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Recorded: 2022/01/18
Released: 2022/04/24
Jim discusses Gleason's Theorem with Blake C. Stacey of the University of Massachuesetts  Boston. Gleason's Theorem is a theorem in the foundations of quantum mechanics that, for a system meets some simple requirements, you can find a set of valid staes and a rule for calculating probailities, a la the Born Rule. This is the first part of the interview, the next will be on Blake's discussion of how people are trying to reformulate the Born Rule.
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Notes:
1. Papers we both read for this program:
2. This series:
 Physics Frontiers 63: Gleason's Theorem.
 Physics Frontiers 64: Whence Born's Rule?
 Physics Frontiers 64a: The SICs [Subscribers only until 5/27/2022]
3. Blake Stacey's Book:
 Blake Stacey has written a book A First Course in the Sporatic SICs [Amazon]. This book details the use of the strange numbers that Blake and others are using to integrate learning from quantum information theory into quantum foundations. C'mon, it has a section entitled "Quantum Theory from Nonclassical Probability Meshing"  you have to have it!
4. Related Episodes of Physics Frontiers:
5. Please visit and comment on our subreddit, YouTube Channel and if you can help us keep this going by contributing to our Patreon, we'd be grateful.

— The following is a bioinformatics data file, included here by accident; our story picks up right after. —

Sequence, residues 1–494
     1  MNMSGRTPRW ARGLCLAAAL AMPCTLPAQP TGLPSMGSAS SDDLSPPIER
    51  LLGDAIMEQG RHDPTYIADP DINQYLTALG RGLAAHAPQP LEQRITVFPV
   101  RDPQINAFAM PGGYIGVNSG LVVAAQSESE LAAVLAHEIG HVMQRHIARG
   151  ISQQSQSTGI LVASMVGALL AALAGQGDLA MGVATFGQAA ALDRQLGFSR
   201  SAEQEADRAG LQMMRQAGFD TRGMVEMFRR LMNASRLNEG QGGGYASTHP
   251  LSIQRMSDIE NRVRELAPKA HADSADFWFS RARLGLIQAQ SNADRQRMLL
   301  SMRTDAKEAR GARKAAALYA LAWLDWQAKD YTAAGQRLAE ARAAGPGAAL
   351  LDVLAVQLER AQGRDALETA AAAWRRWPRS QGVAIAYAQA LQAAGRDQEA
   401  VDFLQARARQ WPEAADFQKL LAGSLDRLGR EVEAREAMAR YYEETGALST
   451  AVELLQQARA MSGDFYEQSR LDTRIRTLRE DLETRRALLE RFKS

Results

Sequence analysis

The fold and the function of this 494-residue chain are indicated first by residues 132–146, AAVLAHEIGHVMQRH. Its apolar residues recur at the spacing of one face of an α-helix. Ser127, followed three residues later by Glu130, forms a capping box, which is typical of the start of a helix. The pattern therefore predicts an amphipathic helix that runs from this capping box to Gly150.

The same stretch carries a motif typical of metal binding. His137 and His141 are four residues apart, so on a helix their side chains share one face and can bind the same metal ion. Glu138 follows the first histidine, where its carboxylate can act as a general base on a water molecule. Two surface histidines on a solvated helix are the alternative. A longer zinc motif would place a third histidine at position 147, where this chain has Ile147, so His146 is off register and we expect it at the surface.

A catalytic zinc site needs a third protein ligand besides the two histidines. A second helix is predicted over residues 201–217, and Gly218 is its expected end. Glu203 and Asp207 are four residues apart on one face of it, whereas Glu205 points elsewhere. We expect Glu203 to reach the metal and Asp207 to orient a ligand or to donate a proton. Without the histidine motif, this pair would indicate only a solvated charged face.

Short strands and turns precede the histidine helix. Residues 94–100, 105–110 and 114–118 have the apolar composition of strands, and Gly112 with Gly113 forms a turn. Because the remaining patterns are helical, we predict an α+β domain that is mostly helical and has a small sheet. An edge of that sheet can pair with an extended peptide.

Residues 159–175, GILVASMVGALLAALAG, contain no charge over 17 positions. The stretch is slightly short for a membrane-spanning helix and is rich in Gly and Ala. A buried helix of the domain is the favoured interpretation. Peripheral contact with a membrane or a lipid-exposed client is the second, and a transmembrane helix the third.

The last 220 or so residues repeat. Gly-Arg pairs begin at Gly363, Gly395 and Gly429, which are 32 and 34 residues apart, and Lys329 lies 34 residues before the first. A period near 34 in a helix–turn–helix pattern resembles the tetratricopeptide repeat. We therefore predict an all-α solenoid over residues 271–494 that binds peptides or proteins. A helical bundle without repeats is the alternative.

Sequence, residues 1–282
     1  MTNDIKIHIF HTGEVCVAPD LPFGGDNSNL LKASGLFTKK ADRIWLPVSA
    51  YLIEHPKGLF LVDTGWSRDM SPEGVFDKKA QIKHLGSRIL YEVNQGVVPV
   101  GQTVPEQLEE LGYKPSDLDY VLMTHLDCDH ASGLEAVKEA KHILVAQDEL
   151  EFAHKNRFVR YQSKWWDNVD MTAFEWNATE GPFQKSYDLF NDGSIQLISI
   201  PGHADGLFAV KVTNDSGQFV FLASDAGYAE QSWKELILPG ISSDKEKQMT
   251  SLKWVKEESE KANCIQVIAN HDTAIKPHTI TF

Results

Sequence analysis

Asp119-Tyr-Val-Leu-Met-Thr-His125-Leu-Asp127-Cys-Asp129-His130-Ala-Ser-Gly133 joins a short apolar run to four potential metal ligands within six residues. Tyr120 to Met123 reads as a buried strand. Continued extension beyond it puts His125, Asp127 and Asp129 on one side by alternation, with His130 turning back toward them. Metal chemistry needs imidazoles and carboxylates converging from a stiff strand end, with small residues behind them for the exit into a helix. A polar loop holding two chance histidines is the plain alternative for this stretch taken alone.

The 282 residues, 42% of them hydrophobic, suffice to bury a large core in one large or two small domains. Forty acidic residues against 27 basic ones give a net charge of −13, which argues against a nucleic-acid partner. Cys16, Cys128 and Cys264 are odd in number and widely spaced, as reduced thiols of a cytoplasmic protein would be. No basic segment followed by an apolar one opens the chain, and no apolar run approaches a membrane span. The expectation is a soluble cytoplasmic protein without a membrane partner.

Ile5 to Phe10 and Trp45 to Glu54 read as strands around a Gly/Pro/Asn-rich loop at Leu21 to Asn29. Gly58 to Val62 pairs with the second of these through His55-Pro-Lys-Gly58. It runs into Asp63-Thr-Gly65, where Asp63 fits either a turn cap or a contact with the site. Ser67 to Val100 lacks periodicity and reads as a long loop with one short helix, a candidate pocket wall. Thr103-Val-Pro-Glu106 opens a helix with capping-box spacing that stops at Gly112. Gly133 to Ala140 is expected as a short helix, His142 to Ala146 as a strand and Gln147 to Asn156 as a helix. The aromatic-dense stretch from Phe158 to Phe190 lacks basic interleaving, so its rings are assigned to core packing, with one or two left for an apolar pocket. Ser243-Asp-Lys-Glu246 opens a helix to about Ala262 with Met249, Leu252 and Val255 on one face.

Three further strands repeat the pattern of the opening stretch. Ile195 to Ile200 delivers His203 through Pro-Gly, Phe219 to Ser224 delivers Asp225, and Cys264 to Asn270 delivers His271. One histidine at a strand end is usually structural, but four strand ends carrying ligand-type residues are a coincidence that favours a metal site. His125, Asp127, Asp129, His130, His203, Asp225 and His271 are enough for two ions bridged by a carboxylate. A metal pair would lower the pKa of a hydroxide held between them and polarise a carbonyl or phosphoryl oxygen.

Recorded: 2022/01/18
Released: 2022/03/20
Jim discusses Gleason's Theorem with Blake C. Stacey of the University of Massachuesetts  Boston. Gleason's Theorem is a theorem in the foundations of quantum mechanics that, for a system meets some simple requirements, you can find a set of valid staes and a rule for calculating probailities, a la the Born Rule. This is the first part of the interview, the next will be on Blake's discussion of how people are trying to reformulate the Born Rule.
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Notes:
1. Papers we both read for this program:
 Gleason, A.M., "Measures on the Closed Subspaces of a Hilbert Space." Indiana Univ. Math. J. 6, 855 (1957). [arXiv]
 Stacey, B., "On Two Recent Approaches to the Born Rule." (2021) [arXiv]
 Busch, P., "Quantum States and Generalized Observables: A Simple Proof of Gleason’s Theorem." Phys. Rev. Lett. 91, 120403 (2003) [arXiv]
 Hossenfelder, S., "GleasonType Derivations of the Quantum Probability Rule for Generalized Measurements" Found. Phys. 34 193 (2004). [arXiv]
2. Other papers one or the other of us read:
3. Books mentioned in the discussion:
 David W. Cohen, An Introduction to Hilbert Space and Quantum Mechanics[Amazon] The book I found in a college book store in the 1990's. Short, written for mathemtics undergraduate students (at the upper division, highend SLAC level), but also accessible to philosophy and physics students who can read math. Video review here.
 John von Neumann, Mathematical Foundations of Quantum Mechanics[Amazon] A classic text that started a lot of this quantum philosophy nonsense in the first place. Very difficult read.
 Michaal Neilson and Isaac Chuang, Quantum Computation and Quantum Information.[Amazon] An early, well known book on quantum information. This is one of three technical books that I've had to replace because my original copy wandered off with a graduate student to postdocs unknown.
 John Bell, Speakable and Unspeakable in Quantum Mechanics. [Amazon]